One consequence of the existence of C-states is that observations made during power profiling — even more than with other kinds of profiling — can disturb what is being observed. For example, the Gecko Profiler takes samples at 1000Hz using a timer. Each of these samples can trigger a wakeup, which consumes power and obscures Firefox’s natural wakeup patterns. For this reason, integrating power measurements into the Gecko Profiler is unlikely to be useful, and other power profiling tools typically use much lower sampling rates (e.g. 1Hz.)


Intel processors also support multiple P-states. P0 is the state where the processor is operating at maximum frequency and voltage, and higher-numbered P-states operate at a lower frequency and voltage to reduce power consumption. Processors can have dozens of P-states, but the transitions are controlled by the hardware and OS and so P-states are of less interest to application developers than C-states.

Power profiling how-to

This section aims to put together all the above information and provide a set of strategies for finding, diagnosing and fixing cases of high power consumption.

  • First of all, all measurements are best done on a quiet machine that is running little other than the program of interest. Global measurements in particular can be completely skewed and unreliable if this is not the case.

  • Find or confirm a test case where Firefox’s power consumption is high. “High” can most easily be gauged by comparing against other browsers. Use power measurements or estimates (e.g. via tools/power/rapl, or mach power on Mac, or Intel Power Gadget on Windows) for the comparisons. Avoid lower-quality measurements, especially Activity Monitor’s “Energy Impact”.

  • Try using differential profiling to narrow down the cause.

    • Try turning hardware acceleration on or off; e10s on or off; Flash on or off.

    • Try putting the relevant tab in the foreground vs. in the background.

    • If the problem manifests on a particular website, try saving a local copy of the site and then manually removing HTML elements to see if a particular page feature is causing the problem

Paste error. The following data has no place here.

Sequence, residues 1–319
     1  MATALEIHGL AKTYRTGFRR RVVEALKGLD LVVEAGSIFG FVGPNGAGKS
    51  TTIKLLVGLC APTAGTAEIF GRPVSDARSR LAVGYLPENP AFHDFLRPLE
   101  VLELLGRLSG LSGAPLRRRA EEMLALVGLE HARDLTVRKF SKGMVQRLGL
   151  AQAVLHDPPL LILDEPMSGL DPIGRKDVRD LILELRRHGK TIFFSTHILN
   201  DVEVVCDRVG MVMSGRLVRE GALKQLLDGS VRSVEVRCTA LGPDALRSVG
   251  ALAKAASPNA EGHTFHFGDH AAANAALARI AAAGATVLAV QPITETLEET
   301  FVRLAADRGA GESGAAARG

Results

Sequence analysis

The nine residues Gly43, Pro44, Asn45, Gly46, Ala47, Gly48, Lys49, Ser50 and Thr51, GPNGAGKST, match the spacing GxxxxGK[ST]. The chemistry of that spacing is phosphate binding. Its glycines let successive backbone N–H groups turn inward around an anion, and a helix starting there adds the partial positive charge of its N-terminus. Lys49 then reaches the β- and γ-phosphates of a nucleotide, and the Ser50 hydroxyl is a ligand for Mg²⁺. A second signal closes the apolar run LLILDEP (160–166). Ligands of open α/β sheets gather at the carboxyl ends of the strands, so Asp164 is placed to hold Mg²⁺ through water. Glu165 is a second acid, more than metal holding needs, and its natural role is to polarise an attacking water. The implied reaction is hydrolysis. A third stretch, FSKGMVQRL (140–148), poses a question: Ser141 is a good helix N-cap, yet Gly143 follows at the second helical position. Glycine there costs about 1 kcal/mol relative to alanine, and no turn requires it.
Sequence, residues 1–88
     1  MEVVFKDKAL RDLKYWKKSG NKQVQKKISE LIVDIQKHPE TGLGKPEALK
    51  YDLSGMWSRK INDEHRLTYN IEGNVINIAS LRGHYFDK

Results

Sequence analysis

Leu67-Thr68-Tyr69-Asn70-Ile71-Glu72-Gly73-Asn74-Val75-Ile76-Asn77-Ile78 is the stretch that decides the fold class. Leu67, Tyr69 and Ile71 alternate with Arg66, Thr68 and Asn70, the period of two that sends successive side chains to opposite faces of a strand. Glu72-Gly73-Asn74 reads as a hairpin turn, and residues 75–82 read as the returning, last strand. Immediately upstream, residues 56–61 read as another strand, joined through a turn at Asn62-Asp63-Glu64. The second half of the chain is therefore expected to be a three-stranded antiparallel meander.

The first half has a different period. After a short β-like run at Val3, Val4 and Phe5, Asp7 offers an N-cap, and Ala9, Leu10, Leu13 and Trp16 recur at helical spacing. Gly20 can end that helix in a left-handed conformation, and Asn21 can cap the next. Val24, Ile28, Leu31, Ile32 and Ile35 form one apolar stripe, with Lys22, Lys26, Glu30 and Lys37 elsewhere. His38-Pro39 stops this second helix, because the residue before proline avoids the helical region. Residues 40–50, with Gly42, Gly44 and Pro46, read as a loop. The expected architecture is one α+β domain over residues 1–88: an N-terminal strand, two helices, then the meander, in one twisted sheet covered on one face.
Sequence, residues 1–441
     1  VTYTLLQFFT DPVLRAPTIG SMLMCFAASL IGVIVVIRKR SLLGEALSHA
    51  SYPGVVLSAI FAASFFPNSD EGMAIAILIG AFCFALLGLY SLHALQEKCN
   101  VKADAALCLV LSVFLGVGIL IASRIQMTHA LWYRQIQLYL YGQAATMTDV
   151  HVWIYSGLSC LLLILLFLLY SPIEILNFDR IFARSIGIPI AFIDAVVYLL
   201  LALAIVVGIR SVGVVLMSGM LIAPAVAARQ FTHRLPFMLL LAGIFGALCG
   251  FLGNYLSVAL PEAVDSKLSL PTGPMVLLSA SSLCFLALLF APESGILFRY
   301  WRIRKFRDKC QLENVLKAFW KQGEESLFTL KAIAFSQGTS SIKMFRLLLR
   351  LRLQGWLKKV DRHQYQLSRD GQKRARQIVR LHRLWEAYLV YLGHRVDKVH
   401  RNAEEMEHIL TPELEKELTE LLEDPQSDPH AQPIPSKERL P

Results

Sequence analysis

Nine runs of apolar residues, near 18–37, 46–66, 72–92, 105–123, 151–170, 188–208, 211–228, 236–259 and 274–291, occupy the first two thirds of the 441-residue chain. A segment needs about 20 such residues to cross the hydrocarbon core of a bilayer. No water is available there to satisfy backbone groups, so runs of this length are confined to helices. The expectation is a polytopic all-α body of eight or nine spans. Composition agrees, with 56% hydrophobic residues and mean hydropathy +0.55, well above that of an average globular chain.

• Many power problems are caused by either high CPU usage or high wakeup frequency. Use one of the low-context tools to determine if this is the case (e.g. on Mac use powermetrics.) If so, follow that up by using a tool that gives high-context measurements, which hopefully will identify the cause of the problem.

    • For high CPU usage, many profilers can be used: Firefox’s dev tools profiler, the Gecko Profiler, or generic performance profilers.

    • For high wakeup counts, use dtrace or perf or TimerFirings logging.

  • On Mac workloads that use graphics, Activity Monitor’s “Energy” tab can tell you if the high-performance GPU is being used, which uses more power than the integrated GPU.

  • If neither CPU usage nor wakeup frequency identifies the problem, more ingenuity may be needed. Looking at other measurements (C-state residency, GPU usage, etc.) may be helpful.

  • Animations are sometimes the cause of high power consumption. The animation inspector in the Firefox Devtools can identify them. Alternatively, here is an explanation of how one developer diagnosed two animation-related problems the hard way (which required genuine platform expertise).

  • The approximate cause of power problems often isn’t that hard to find. Fixing them is often the hard part. Good luck.

  • If you do fix a problem by improving a proxy measurement, you should verify that it also improves a power measurement or estimate. That way you know the fix had a genuine effect.

Further reading

Chapter 13 of the Intel optimization manual has many details about optimizing for power consumption. Section 13.5 (“Tuning Software for Intelligent Power Consumption”) in particular is worth reading.